NASCAR executive says it promotes drivers in ‘balanced way’
CHARLOTTE, North Carolina -- NASCAR’s “wake-up call” about marketing its drivers didn’t come from Kyle Busch on Tuesday.
It came on Feb. 20, 2011 via Trevor Bayne.
That was the day Bayne, a relatively unknown 20-year-old driver from Knoxville,Tennessee, won the Daytona 500 in his second Cup start.
NASCAR was not prepared.
According to Steve Phelps, the sanctioning body’s chief global sales and marketing officer, NASCAR’s marketing at the time was focused on “racing itself and pretty pictures around the racing.” Not the stars.
“With the media’s help frankly, that week leading up to (Bayne’s win), and Jeff Gordon (who pushed Bayne into position to win) and the fact that they were a good tandem, that helped us, but we never wanted to put ourselves in that position again,” Phelps said in a teleconference Wednesday to address the issue of marketing drivers triggered by Busch’s comments this week.
Seven years later, NASCAR has multiple programs in place to promote its young drivers. From Drive 4 Diversity and NASCAR Next to coverage of their accomplishments in the K&N Pro, Truck and Xfinity Series.
“When they finally get up to the Monster Energy Series, they are known quantities,” Phelps said. “They’re winners.”
According to Busch, the marketing strategy doesn’t benefit him and fellow veterans.
“It is bothersome,” Busch said during the NASCAR Media Tour. “We’ve paid our dues, and our sponsors have and everything else, and all you’re doing is advertising all these younger guys for fans to figure out and pick up on and choose as their favorite driver. I think it’s stupid. But I don’t know, I’m not the marketing genius that’s behind this deal. You know, I just do what I can do, and my part of it is what my part is.
“I guess one thing that can be said is probably the younger guys are bullied into doing more things than the older guys are because we say no a lot more because we’ve been there, done that and have families, things like that, and want to spend as much time as we can at home. You know, maybe that’s some of it. … Some of these marketing campaigns and things like that, pushing these younger drivers, is I wouldn’t say all that fair.”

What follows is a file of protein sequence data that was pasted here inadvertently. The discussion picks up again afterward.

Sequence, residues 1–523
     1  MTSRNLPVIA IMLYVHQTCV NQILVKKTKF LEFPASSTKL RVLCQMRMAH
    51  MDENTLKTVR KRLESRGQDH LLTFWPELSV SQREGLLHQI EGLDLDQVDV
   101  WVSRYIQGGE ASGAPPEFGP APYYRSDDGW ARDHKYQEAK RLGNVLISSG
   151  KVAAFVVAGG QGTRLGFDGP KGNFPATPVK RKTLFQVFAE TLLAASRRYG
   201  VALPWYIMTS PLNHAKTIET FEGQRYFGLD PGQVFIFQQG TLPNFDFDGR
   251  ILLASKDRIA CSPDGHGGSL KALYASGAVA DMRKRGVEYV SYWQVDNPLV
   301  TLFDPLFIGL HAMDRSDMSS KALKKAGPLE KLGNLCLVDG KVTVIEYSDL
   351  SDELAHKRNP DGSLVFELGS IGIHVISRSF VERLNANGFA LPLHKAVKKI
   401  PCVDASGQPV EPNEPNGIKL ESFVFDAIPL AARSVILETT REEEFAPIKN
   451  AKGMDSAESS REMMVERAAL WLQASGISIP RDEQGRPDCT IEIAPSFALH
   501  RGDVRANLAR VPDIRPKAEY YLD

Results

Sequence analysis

Phelps said the comments by the Joe Gibbs Racing driver could be applied to how Busch was lightly promoted during his early years in Cup in the mid-2000s, but they’re not reflective of how NASCAR markets its talent in 2018.
“Do I think that’s fair that when he came into the sport and started winning right off the bat?” Phelps said. “Yeah, I think it’s a fair statement that we did not give that kind of support.”
Phelps said he had a conversation with Busch about marketing late last year.
“We know what we’re trying to do from a marketing perspective, and we believe that we are promoting those drivers in a balanced way, and there are things that some veteran drivers are not interested in doing, and we understand that,” Phelps said.
He was referring to comments made by Ryan Blaney on Wednesday in response to Busch. The Team Penske driver was critical of Busch’s willingness to do some marketing projects.
“We’ve got these fantastic drivers in all these national series who have the opportunity to connect with a fan, and that’s what we want them to do,” Phelps said. “Kyle does a lot for our sport. I think we expose Kyle in a good, meaningful way ... Toyota does, as well, M&M’s does, working with the Gibbs guys, and that’s important for us.
“So it’s not about veterans complaining about they’re not getting their fair share ... it’s an education process and collaborating together, and Kyle is on the driver council, and if this is a topic that they’re interested in bringing up there or just in person, we’re happy to listen to what he has to say.”